UK strikes to continue after govt's talks with unions fail

LONDON, Jan 9 (Reuters) - Britain will face more strikes by workers demanding higher pay after meetings between ministers and trade unions on Monday failed to end a wave of stoppages across sectors from healthcare to transport.

More than 10,000 ambulance workers will walk out on Wednesday as planned, the GMB union said in a statement, after talks with health minister Steve Barclay failed to produce a breakthrough.

"There was some engagement on pay - but not a concrete offer that could help resolve this dispute and make significant progress," GMB national secretary Rachel Harrison said.

With pay rises failing to keep up with double-digit inflation, which is now around 40-year highs, nurses, ambulance staff and rail workers are among those who have staged walkouts, with teachers also being balloted over action.

Teaching unions, who will announce the result of their strike ballots later this week, met with the education minister, while the health minister also spoke to unions representing nurses. The transport minister was due to meet rail unions.

The RCN, representing nurses, called the meeting with Barclay "bitterly disappointing". It said there was a long way to go if ministers want to avert nurses strikes scheduled for Jan. 18 and 19.

Unions Unite and Unison, both representing health workers, also condemned the government's approach. Unite's Onay Kasab said the government made it clear that it wanted to discuss productivity savings in return for a further pay award.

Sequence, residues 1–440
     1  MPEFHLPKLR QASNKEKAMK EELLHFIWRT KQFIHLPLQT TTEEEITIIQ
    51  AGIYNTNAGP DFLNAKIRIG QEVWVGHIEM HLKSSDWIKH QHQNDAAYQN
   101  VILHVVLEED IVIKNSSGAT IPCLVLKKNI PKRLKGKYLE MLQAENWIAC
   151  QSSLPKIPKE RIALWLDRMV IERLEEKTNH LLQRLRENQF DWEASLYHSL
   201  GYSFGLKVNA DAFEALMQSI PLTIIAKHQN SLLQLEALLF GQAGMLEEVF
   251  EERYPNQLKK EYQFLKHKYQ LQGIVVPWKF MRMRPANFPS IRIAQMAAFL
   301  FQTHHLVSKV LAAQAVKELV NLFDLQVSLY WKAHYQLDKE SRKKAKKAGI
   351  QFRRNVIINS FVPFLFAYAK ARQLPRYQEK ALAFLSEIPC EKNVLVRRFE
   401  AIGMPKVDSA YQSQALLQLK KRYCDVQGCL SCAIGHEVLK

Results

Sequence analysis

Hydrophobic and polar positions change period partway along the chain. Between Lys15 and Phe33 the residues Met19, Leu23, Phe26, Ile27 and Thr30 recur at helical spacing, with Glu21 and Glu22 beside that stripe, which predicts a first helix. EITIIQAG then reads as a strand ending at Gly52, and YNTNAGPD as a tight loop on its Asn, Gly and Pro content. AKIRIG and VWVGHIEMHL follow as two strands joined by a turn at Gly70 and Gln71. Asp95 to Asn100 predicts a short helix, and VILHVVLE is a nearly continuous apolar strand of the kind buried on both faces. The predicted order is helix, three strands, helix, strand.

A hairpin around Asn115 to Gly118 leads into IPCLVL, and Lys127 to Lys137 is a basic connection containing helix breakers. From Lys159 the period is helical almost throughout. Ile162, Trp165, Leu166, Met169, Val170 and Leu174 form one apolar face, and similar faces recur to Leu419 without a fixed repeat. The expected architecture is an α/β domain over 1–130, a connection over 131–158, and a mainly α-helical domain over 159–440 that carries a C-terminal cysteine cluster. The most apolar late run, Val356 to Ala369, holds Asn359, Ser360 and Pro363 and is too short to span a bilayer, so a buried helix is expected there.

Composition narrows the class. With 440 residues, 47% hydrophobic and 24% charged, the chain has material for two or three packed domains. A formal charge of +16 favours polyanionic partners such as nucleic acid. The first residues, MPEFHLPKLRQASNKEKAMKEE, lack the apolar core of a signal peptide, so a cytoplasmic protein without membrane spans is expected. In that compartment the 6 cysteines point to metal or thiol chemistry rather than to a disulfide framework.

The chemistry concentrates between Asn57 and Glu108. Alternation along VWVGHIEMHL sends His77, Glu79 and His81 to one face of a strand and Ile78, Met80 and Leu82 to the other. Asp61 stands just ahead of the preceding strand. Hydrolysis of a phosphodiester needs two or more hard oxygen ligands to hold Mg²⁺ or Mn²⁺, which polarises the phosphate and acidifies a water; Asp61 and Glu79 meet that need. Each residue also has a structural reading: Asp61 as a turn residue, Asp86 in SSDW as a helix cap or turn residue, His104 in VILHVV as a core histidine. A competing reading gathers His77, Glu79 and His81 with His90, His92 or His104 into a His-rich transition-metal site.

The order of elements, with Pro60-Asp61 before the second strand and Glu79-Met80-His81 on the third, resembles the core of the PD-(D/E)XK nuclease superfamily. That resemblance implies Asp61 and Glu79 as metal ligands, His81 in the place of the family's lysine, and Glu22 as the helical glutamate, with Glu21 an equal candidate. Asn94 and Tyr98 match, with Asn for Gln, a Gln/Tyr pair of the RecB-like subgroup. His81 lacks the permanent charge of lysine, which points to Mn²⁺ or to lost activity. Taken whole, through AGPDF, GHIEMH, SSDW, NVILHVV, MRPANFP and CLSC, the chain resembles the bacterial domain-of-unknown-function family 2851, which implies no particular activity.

"We're talking about people who are working well beyond their contracted hours anyway, just to get the job done," he told reporters. "Today is an insult to our members."

Unions have said they will only call off strikes in the next few weeks if offers are made to resolve the disputes over this year's pay settlement, while the government wants to focus on pay rises for the next financial year.

The government has argued that inflation-matching pay rises will only fuel further price increases and cause interest rates and mortgage payments to go up further.

During a visit to a health centre earlier on Monday, Prime Minister Rishi Sunak told reporters the government was happy to discuss pay demands which were "anchored in what's reasonable, what's responsible, what's affordable for the country."

Asked about media reports the government was considering making a one-off payment to nurses to help with the cost of living, Sunak declined to comment on specifics.

Reporting by Kylie MacLellan and Sarah Young, additional reporting by Farouq Suleiman; editing by Toby Chopra

Our Standards: The Thomson Reuters Trust Principles.